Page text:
However, it’s taking longer than we’d want to mobilise and deliver the service we expect, and this is resulting in problems with towpath grass being over long and uncut in some areas. There are various reasons:
- The transfer of contractor staff from the previous to new contractors and filling resource gaps took longer for the contractors to complete initially and continues.
- New teams familiarising themselves with the network.
- New teams becoming familiar with our specifications and how they apply.
- A technical issue meaning that not all of our specifications have been available straight away.
So, what are we doing to resolve this?
- We are meeting frequently with the contractors senior people to identify issues, review resources on the ground and progress so that we get back on programme. Additional resources are arriving, but it will take time for these to get up to speed and for the impact to be widely seen.
- Local, regular, often daily discussions with the contractors’ team managers to make sure priorities are clear, be able to move to areas requiring urgent action and deal with new problems.
- We are holding the contractors to account and ensuring that they are not being paid for works which have not been completed.
So, we’re not where we would want to be at this point and its likely to be the end of the summer before we get everything back to where it should be.
We welcome your views and feedback which will help us keep abreast of what is a changing situation. If you have feedback on the grass condition, want to share photos or other information, please feed this through to us at Grass.Feedback@canalrivertrust.org.uk We won’t be able to respond to emails on this but it will be really helpful in allowing us to gauge condition and problem locations.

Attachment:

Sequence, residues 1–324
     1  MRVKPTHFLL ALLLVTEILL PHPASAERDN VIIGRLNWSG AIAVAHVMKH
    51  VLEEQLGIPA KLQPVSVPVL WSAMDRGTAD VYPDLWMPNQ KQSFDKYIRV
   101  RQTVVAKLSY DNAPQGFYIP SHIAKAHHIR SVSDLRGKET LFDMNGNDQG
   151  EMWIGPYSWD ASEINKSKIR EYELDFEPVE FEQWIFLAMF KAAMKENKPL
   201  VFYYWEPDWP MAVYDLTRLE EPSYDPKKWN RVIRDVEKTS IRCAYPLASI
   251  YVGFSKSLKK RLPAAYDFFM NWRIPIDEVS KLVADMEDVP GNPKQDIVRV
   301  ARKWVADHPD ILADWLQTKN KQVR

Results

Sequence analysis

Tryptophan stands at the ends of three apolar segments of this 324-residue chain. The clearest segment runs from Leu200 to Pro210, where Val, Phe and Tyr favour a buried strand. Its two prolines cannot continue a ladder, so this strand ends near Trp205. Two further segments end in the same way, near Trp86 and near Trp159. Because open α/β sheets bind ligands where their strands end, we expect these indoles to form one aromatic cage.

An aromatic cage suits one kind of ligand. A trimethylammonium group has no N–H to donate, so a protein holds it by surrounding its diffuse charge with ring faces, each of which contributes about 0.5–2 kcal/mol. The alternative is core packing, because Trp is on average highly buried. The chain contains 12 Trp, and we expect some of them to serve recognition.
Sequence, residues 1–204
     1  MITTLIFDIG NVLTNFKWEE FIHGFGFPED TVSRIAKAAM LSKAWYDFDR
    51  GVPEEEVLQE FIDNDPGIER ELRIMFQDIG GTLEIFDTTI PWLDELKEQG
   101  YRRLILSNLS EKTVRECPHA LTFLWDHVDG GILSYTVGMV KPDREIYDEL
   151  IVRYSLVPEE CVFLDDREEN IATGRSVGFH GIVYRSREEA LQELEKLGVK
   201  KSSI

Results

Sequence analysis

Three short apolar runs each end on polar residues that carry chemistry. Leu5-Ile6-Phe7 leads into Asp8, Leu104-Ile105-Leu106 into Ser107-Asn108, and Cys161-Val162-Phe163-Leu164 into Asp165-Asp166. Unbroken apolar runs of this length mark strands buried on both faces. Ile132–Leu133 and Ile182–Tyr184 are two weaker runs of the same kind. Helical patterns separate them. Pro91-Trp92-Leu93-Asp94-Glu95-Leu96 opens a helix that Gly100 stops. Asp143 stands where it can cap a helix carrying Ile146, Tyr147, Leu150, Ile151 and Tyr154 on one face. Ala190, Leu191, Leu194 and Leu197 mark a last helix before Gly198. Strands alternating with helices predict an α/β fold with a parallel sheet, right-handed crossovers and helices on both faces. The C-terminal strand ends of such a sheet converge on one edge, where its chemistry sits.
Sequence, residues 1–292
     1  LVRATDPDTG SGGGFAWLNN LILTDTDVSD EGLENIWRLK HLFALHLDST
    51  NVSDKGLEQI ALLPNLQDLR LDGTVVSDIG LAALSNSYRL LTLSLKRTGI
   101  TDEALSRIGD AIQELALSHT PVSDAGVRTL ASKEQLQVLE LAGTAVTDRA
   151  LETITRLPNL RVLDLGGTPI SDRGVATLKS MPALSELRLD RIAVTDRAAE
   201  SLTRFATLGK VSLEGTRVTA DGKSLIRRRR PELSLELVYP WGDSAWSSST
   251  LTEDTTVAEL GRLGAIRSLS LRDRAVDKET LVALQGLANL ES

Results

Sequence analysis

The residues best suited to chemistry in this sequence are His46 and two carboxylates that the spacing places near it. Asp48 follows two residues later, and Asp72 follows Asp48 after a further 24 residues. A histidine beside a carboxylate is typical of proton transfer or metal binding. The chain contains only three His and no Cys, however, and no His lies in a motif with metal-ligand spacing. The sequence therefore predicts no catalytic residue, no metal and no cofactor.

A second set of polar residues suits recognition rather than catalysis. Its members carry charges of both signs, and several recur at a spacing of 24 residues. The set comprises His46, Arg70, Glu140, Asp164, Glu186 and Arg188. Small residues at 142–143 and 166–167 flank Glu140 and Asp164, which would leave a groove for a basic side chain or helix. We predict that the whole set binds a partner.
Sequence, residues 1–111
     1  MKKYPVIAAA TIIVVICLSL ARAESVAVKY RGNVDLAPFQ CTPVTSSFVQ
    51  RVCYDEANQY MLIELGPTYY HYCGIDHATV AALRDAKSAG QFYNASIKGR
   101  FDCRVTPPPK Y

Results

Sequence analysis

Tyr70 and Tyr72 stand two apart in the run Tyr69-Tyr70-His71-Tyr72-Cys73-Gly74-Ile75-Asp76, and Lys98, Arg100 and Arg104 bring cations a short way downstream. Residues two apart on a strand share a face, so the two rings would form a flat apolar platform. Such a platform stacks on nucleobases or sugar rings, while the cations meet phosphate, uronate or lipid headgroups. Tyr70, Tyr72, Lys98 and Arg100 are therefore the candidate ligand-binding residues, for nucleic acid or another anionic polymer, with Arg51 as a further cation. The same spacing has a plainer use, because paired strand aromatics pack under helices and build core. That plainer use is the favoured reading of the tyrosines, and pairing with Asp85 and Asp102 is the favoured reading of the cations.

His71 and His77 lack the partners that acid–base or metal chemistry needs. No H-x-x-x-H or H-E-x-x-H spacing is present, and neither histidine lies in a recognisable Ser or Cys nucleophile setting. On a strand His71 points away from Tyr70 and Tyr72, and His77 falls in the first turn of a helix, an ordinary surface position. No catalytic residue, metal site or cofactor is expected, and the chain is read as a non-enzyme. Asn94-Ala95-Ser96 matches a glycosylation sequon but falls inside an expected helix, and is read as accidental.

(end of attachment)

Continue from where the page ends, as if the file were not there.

As someone who’s out on, or by, the water more often than most, you’ll know that there are times when we need to fix things that unexpectedly break. So, below, you’ll find a list of what may affect you if you’re planning to get out on your boat this weekend:
- Bridgwater & Taunton Canal
- Daw End Canal
- Grand Union Canal
- Huddersfield Broad Canal
- Huddersfield Narrow Canal
- Liverpool Link
- Rochdale Canal
- Sheffield & Tinsley Canal
- Shropshire Union (Dee Branch)
- Springs Branch (Leeds & Liverpool Canal)
- Stainforth & Keadby Canal
- Weaver Navigation
When restrictions to navigation happen, we get them up on to our website as soon as we can – always best to have a scan before you set off. You can set up your smartphone to automatically alert you if a notice is issued for a canal or river that you’re interested in. Check out this guide to setting it up.
If you have any questions about a specific closure, or spot an error in our system, please get in touch.
As you’ll have read in the first article, we do everything we can to keep navigations open for boaters. In some cases, as also highlighted above, this might mean a short stoppage to prolong the water resources further into the year. In other cases, such as currently on a section of the Huddersfield Narrow Canal, where water supplies are restricted, we’ll limit opening times and passages so that water loss doesn’t compromise navigation early on during the peak boating months.
We appreciate that it makes planning a cruise more constrained but our aim is to stretch the water resources out for as long as possible so as many as possible boaters can enjoy this spectacular canal. Because of the current limitations at Standedge, there are some important things to know.
- We currently have one slot for a Monday (Diggle to Marsden), two slots on a Wednesday (one in either direction only) and one slot for a Friday (Marsden to Diggle).